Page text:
The 57 acres that comprise Cedar Ridge Farm are located in the beautiful rolling hills of South Central Kentucky. My wife, our four children, and I are on a homesteading adventure as we work toward increased self-sufficiency. We grow much of our own food and enjoy being in touch with the agrarian roots of our lives.

One of the major projects we have undertaken is the building of our own home. The house we're building has three major distinguishing features: 1. we're building it without incurring any debt; 2. it is a timber frame structure; and 3. the exterior walls will be plastered straw bales. We live debt and mortgage free, and building our house with that approach makes perfect sense. Large timbers in a home possess a beauty and project a sense of strength, stability, and warmth that we want in our home. Straw bale walls provide insulation and make ecological sense. This blog is a record of our home-building project.

Monday, July 19, 2010

The porch posts are vertical

Well, all except two of them.

pile of porch postsIn April of last year, dad and I milled the posts for our porch (post 1 & post 2). Since then, they’ve been stacked in the timber frame waiting to be used. Today, it was finally time to begin installing them.

The process was fairly simple, but did take a bit of time. The first task was to square one end of each post and then cut them to length. Squaring an end involves cutting it on four sides with the circular saw and finishing the cut with a handsaw (about 3/4” in the center).

lag screw into bottom of postThe posts are all set over concrete piers and tie into the beams used to frame the porch deck. Being cedar, they aren’t too heavy even though they are full 6x6s. We set them up to vertical and toe nailed them into the deck framing while holding them mostly plumb. Then, I drilled holes to embed two 7” lag screws into the bottom of each post, coming up at an angle through the 6x8 beam upon which each partially sits.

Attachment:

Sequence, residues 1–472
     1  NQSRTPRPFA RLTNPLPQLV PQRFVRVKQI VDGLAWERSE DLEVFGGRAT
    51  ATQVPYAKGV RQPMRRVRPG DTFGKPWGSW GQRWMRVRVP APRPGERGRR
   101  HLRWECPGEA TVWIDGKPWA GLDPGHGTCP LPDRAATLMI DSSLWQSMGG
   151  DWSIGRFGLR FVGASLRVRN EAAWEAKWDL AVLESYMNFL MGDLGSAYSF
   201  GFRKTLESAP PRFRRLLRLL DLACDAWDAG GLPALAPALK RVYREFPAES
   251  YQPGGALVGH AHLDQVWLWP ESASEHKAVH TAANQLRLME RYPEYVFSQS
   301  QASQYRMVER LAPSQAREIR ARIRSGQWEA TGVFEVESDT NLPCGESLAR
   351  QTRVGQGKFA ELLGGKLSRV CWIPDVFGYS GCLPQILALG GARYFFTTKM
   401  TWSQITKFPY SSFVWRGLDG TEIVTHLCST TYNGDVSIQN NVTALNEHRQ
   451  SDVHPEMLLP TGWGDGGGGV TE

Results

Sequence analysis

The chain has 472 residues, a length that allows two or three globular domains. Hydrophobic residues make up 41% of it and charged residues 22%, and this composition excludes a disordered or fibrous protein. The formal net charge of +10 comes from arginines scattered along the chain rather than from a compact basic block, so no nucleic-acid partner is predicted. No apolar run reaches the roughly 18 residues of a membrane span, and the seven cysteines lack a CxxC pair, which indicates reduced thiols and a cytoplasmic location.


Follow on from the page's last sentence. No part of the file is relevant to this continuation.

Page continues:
header cut to 5" and butted on top of postAs we set the posts, we also began to put up the 4x6 header on top. These small beams butt to one another on top of the posts. Since the 4x6s vary in height, I’m cutting them to 5 inches to provide a consistent height for the rafters which will sit on the header.

By the end of the day, we had all but two posts set and the header installed across the front and most of the east side. It shouldn’t take too long to set the last two posts and finish the header. I may put up some rafters on the front tomorrow.



curdy said...

Wow, what an awesome porch that is going to be!

Can you repost, or just link to the final layout plans? I was looking back and wasn't sure which were the final plans you went with.

dp said...

I'm looking forward to sitting on the porch in the evenings, enjoying the coolness of the day! :)

Someone else asked about the floor plan. I'll post a layout.

Darla Hemphill said...

It looks beautiful!! I know you supervised the entire project- behind every good project is an even more fabulous helper.

Porch columns